This new Guild  experience and achievement system is about to give one person,  the GM control over things which are not voluntarily handed over to be distributed as they see fit.  People donate gold to the bank,  they donate Mats, or Guild activities such as raids generate the resources. People have a choice to do these things.  Yet a Achievement that obtains a particular item in the new scenario because of 25 peoples work is distributed by 1.

A guild gathers its resources from the efforts of individuals,  be it donatations of gold,  selling BOE drops from guild raids, using greens  for enchanting mats, sharding unwanted Epics ect.  This goes into the bank for the collective use of the guild with restrictions Eg Raiders may only get distributed free enchants, but a member who doesn’t raid may not.  The raid that the raiders attended bore the fruits of the mats used so it makes sense that they benefit.  This decision however is an allowance by the GM for this to be so.   If an officer disagreed with a particular policy they could only appeal to the GM as a person, and not through a decision to ‘vote them off the island’ because they have turned into a despot.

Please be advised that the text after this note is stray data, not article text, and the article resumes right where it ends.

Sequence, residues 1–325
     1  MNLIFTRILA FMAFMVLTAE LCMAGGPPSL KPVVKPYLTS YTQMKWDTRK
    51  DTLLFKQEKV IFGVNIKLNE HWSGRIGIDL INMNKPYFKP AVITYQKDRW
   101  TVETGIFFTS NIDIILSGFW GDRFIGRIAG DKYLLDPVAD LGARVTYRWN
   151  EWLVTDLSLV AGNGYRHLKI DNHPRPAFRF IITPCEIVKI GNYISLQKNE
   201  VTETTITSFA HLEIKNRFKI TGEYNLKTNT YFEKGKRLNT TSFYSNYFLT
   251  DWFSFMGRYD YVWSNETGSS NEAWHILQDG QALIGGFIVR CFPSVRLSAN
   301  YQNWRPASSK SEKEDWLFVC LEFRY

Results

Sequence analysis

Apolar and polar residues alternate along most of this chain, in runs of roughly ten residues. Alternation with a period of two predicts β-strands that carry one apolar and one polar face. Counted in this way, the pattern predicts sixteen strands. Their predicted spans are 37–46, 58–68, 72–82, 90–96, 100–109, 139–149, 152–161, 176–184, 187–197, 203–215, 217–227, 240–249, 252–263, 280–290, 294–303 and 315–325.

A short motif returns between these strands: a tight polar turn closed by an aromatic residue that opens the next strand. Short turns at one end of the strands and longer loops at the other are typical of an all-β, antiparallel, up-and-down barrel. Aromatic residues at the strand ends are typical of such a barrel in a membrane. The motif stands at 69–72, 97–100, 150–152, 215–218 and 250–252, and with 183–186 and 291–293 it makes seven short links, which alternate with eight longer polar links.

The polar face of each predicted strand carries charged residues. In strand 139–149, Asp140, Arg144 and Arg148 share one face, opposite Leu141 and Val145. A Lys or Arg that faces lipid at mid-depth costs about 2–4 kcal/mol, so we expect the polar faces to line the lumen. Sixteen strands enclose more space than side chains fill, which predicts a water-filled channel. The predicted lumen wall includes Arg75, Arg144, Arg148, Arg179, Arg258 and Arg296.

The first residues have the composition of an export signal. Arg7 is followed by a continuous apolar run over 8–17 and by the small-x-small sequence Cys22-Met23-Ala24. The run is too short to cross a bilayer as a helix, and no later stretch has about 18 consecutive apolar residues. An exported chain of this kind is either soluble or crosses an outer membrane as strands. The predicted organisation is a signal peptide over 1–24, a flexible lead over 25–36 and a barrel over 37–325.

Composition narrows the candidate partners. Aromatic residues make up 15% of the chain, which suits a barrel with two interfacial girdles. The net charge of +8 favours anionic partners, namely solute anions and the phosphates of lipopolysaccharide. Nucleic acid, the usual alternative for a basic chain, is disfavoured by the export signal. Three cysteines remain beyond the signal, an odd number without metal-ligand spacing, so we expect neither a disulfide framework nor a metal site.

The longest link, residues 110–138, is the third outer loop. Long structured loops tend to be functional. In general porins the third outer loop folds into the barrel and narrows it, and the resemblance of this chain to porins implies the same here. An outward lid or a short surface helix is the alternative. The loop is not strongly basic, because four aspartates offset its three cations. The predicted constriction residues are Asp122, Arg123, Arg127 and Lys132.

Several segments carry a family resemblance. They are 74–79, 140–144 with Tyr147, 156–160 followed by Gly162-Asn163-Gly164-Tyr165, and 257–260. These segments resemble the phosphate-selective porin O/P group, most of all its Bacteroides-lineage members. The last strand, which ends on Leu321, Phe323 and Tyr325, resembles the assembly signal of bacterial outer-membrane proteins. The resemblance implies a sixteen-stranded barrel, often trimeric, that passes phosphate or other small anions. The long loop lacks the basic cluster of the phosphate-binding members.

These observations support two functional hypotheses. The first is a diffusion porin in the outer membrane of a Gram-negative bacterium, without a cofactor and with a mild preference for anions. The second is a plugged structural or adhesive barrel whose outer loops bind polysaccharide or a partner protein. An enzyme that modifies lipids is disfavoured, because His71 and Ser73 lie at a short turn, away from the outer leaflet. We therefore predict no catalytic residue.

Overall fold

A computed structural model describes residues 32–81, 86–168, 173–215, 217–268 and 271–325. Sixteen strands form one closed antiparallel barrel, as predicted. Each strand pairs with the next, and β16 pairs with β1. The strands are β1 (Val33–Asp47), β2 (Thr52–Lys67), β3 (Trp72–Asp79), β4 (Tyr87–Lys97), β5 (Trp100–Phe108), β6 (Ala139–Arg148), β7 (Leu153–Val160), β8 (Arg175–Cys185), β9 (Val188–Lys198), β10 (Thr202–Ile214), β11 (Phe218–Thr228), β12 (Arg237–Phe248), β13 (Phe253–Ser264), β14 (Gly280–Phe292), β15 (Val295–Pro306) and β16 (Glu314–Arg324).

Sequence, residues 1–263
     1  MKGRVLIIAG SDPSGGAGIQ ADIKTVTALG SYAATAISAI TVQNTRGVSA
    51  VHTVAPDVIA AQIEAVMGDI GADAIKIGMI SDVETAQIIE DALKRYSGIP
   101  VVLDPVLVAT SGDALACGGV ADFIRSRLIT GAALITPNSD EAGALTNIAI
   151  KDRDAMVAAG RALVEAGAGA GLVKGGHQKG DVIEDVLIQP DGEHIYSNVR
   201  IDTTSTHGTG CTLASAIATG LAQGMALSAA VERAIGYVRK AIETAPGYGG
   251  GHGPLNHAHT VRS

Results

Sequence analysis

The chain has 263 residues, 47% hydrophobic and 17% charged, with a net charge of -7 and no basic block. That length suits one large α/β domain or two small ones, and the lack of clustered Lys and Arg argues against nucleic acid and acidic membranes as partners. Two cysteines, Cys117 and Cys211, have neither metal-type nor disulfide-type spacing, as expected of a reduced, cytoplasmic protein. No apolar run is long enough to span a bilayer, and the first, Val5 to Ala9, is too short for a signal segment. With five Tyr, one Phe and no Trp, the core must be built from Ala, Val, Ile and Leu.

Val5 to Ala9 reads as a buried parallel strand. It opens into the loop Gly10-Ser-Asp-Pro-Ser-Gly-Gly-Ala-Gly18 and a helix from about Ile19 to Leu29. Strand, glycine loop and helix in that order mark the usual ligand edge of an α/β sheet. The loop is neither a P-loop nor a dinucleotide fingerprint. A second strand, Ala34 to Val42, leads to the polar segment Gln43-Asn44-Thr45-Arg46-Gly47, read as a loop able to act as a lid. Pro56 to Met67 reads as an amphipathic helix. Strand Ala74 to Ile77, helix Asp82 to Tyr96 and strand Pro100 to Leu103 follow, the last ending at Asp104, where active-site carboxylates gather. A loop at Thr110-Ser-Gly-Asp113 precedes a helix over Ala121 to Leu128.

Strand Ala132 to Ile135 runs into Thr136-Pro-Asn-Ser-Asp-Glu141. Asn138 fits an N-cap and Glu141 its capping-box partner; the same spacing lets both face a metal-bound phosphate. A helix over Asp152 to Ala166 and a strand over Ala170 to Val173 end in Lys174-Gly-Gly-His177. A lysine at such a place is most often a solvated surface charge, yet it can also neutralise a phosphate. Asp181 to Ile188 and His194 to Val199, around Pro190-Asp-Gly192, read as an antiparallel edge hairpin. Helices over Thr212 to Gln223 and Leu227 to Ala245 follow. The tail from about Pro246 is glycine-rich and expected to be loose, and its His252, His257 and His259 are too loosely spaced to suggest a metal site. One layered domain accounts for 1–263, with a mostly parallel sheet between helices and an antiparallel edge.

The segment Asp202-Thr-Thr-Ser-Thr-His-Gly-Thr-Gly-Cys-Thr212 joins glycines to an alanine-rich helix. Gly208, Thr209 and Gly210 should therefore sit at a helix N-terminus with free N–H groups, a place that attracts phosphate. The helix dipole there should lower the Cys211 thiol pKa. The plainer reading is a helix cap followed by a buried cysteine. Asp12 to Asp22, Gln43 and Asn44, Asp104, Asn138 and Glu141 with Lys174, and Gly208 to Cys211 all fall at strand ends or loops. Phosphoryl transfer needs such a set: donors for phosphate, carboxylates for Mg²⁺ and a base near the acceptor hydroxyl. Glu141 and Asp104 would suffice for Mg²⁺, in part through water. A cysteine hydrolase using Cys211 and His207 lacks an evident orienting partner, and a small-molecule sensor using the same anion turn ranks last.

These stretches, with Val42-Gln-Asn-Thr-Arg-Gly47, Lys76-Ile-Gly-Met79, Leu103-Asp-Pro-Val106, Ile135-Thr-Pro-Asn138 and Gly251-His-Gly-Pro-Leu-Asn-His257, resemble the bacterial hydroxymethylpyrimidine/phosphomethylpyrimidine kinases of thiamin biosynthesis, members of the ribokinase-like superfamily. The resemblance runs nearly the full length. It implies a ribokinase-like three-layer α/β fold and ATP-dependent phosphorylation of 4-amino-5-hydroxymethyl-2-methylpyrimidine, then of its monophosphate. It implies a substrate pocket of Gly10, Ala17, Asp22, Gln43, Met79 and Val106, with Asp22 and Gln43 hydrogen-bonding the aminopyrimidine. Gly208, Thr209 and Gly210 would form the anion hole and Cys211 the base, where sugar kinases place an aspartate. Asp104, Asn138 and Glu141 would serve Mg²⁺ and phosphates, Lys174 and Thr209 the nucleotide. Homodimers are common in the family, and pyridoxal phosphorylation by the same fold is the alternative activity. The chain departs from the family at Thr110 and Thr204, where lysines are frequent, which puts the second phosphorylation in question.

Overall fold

We all have heard the stories of the GM’s and officers taking all the loot,  and taking or using the guild bank contents for their individual benefit, In smaller guilds the Guild bank can be open to everyone, and I have had an argument when I was an officer of a smaller guild with the GM because of the inequality in who was donating resources and who was taking what they could.  Each guild is their own Island, and they set their own rules.  If you do not agree with those rules you are welcome to leave.

However outside the sphere of the guild,  the Gm is powerless.  They are just another player. So perhaps this motivation will keep some of the more power hungry Gm’s in check,  that without dedicated Guild members who accept, and embrace the rules of the guild and stay and who unlike citizens of real nation- states  have the choice to leave whenever they want for a better place,  that this incentive , when there is now more prestige and mutual benefits to lose if the guild is disbanded keep more Gm’s ‘honest’